“Getting” Linkedin Groups

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Belonging is an important human attribute human attribute. The corner deli, the pub, the coffee shop–those “third places” where people gather have significance. Online, social plays that role virtually. Professionally, LinkedIn is a leader for connecting with relevant career contacts. It’s also a place to find others with similar interests.

 

Joining Linkedin groups is a great way to get your organization’s events, projects, mission, and people before new audiences–particularly those targeted to niches where your cause or aligned activities may have traction. There’s a group on LinkedIn for virtually every academic, cause-related, professional, and hobby-related interest. It’s worth your while to test a few groups in which to share and take part in discussions.

 

Try Linkedin groups that relate o a core aspect of your organization’s mission. Select another that’s specific to a special project or short-term endeavor, such as:

 

  • Your organization has a themed event that features a well-known expert, artist, or sports-figure. You can raise awareness by posting in related groups–even if just for the short-term–much as you would do so by sharing your event and news on related Facebook pages.
  • Your organization has a new project that connects to another cause or organization via collaboration. Perhaps your cancer research charity is planting trees or your arts organization is “knit-bombing” city bike racks. The possibilities are as endless as LinkedIn’s groups.

 

Pick another group that’s about your favorite or most important areas of interest. You’ll find  Linkedin groups  with topics as broad as: running and most any sport, literary groups such as Shakespeare, reading, or poetry; and hobbies such as knitting, pottery, and photography. As your motivation and purpose for exploring groups may vary, note these aspects:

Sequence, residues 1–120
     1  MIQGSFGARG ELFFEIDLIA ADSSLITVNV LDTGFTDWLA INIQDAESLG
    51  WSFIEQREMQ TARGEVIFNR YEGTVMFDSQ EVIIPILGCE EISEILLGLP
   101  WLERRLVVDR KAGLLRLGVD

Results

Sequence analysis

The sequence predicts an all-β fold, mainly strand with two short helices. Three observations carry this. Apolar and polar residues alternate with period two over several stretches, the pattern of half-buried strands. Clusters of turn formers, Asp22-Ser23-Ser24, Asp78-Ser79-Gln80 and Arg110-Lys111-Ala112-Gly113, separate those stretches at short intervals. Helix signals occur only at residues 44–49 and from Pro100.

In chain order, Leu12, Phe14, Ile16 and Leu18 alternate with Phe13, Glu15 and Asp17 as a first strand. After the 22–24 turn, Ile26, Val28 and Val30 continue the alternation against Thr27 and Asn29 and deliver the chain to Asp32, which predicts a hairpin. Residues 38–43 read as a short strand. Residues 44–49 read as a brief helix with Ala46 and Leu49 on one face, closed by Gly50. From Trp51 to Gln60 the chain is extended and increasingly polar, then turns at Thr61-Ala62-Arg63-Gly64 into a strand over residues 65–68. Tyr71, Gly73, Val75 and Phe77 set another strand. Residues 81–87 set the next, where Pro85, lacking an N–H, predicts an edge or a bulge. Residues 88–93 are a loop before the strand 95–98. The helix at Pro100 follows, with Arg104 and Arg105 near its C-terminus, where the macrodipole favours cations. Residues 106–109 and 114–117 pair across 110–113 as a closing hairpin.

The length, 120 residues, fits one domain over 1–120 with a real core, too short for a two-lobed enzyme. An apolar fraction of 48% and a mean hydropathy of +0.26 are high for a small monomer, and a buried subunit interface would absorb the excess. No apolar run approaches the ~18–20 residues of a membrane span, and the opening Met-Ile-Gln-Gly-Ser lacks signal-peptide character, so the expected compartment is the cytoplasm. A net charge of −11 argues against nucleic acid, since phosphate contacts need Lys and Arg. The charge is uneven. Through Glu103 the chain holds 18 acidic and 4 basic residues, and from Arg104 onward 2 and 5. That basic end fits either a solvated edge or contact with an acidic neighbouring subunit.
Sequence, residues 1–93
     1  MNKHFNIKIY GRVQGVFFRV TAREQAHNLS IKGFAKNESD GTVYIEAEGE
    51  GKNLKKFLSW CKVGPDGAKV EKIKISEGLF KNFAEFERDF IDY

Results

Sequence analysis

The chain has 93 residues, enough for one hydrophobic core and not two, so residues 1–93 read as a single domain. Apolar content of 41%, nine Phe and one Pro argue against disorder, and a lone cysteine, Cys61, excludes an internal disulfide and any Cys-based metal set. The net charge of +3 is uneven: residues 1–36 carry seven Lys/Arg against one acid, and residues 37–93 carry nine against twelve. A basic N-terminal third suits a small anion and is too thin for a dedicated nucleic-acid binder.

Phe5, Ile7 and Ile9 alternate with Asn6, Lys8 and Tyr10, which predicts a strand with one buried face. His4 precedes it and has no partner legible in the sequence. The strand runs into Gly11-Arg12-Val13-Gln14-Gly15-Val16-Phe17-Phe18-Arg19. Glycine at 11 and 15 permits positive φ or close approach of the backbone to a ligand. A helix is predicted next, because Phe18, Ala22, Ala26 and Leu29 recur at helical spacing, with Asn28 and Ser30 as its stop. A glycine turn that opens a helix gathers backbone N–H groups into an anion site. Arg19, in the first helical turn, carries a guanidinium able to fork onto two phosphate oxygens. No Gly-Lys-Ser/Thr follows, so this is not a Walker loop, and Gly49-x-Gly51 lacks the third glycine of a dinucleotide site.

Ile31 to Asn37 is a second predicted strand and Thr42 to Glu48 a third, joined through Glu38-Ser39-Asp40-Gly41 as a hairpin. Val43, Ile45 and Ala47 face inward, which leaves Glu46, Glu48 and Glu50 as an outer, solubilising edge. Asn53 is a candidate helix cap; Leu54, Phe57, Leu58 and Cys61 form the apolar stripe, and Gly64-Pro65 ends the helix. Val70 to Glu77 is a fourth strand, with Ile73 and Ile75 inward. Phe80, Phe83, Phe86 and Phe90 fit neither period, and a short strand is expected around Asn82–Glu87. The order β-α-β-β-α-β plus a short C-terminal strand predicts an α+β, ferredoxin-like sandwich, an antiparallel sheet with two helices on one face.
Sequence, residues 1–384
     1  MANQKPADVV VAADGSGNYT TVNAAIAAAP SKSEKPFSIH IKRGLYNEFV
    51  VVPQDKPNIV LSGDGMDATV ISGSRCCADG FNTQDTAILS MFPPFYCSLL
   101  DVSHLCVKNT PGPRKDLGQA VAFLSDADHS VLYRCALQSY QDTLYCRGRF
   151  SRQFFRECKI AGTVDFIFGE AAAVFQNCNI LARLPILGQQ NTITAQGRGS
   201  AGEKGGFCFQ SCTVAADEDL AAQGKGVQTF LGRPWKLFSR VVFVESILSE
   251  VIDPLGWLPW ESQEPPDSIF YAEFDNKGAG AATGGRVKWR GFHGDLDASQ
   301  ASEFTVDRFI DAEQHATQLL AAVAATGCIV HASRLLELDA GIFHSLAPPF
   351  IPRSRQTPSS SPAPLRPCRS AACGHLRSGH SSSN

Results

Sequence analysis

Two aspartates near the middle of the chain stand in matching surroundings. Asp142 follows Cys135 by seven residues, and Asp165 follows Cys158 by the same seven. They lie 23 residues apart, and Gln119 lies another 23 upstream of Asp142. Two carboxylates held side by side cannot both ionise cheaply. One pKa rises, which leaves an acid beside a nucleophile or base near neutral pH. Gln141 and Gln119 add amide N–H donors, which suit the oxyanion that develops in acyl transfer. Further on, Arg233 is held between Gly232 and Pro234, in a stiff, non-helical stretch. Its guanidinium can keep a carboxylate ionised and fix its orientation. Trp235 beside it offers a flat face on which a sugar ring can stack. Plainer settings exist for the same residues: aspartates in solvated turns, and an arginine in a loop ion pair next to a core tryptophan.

• Number of members in the group. Groups of 200 or more will generally have some level of activity. Look for groups of 1,000 or more if your intent is not just only local.
  • How many of your network members are in the group. This can provide a nice basis for connection in a different way and context.
  • What you can share in the groups–posts that will be interest? comments on others posts? events and information that have appeal to the group members.

 

So what about those bothersome people who post inappropriately in online discussions? LinkedIn is aware this diminishes groups and the site aims to prevent such disruptions. Top Nonprofits noted LinkedIn continually monitoring how to combat spam posts in group in Five Recent LinkedIn Group Updates Nonprofits Need to Know About.

 

Remember, you can extend the reach of your organization’s events, stories, and people by sharing via groups. LinkedIn users report groups have been helpful in making new contacts, identifying new resources (such as board members and volunteers), and, of course, in job searches.

 

Want to learn more about how Linkedin can help your organization? Check these Linkedin-specific posts from our partner website, Third Sector Today:

Feeling at Home on LinkedIn

Volunteer Marketplace on LinkedIn

 

Nonprofit Social Media Help: Linkedin Tools  which includes an educational podcast

 

 

 

 

 

 

 

 

 

About author

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Yvonne Hudson

Yvonne Hudson, principal of New Place Collaborations in Pittsburgh, loves creating mission-driven solutions for clients. Her extensive experience as a marketer in higher education, arts, and business informs strategies for TopNonprofits, The Bayer Center for Nonprofit Management of Robert Morris University, Pittsburgh Festival Opera, and other businesses and nonprofits. As a nonprofit staff member, board member, and volunteer, she has participated in aspects of capacity-building including programming, fundraising, and audience development for organizations in New York, Washington, DC, and Pittsburgh. A speaker, singer, and mentor, she enjoys presenting and acting, including her long-running solo show Mrs Shakespeare and is a board member of Pittsburgh Shakespeare in the Parks and a past vice president of New York Women in Communications.